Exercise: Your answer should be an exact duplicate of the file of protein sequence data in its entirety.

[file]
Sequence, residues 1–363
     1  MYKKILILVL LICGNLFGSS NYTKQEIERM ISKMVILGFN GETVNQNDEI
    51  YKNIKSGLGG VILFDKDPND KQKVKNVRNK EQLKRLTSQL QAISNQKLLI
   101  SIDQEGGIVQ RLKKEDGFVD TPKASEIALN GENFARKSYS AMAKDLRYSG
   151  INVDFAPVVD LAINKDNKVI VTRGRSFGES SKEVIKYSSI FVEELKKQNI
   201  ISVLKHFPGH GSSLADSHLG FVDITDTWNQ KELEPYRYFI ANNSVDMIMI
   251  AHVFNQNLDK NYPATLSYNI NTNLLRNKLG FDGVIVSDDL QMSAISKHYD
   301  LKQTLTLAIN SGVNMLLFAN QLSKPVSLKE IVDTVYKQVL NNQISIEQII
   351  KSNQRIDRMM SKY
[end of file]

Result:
Sequence, residues 1–363
     1  MYKKILILVL LICGNLFGSS NYTKQEIERM ISKMVILGFN GETVNQNDEI
    51  YKNIKSGLGG VILFDKDPND KQKVKNVRNK EQLKRLTSQL QAISNQKLLI
   101  SIDQEGGIVQ RLKKEDGFVD TPKASEIALN GENFARKSYS AMAKDLRYSG
   151  INVDFAPVVD LAINKDNKVI VTRGRSFGES SKEVIKYSSI FVEELKKQNI
   201  ISVLKHFPGH GSSLADSHLG FVDITDTWNQ KELEPYRYFI ANNSVDMIMI
   251  AHVFNQNLDK NYPATLSYNI NTNLLRNKLG FDGVIVSDDL QMSAISKHYD
   301  LKQTLTLAIN SGVNMLLFAN QLSKPVSLKE IVDTVYKQVL NNQISIEQII
   351  KSNQRIDRMM SKY